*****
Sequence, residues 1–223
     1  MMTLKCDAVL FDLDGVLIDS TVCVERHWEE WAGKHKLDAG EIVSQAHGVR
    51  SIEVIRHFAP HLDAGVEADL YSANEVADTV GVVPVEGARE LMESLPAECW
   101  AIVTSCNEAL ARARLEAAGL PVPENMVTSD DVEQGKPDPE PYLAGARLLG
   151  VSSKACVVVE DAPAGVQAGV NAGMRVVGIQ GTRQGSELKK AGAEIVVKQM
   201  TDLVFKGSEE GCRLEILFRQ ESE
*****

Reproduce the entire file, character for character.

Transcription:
Sequence, residues 1–223
     1  MMTLKCDAVL FDLDGVLIDS TVCVERHWEE WAGKHKLDAG EIVSQAHGVR
    51  SIEVIRHFAP HLDAGVEADL YSANEVADTV GVVPVEGARE LMESLPAECW
   101  AIVTSCNEAL ARARLEAAGL PVPENMVTSD DVEQGKPDPE PYLAGARLLG
   151  VSSKACVVVE DAPAGVQAGV NAGMRVVGIQ GTRQGSELKK AGAEIVVKQM
   201  TDLVFKGSEE GCRLEILFRQ ESE